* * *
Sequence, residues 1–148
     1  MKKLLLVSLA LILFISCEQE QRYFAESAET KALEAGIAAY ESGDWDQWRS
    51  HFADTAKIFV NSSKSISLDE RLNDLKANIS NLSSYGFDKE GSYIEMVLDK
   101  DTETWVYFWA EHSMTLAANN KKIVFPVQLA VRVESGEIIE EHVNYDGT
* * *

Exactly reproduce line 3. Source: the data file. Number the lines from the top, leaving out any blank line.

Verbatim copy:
    51  HFADTAKIFV NSSKSISLDE RLNDLKANIS NLSSYGFDKE GSYIEMVLDK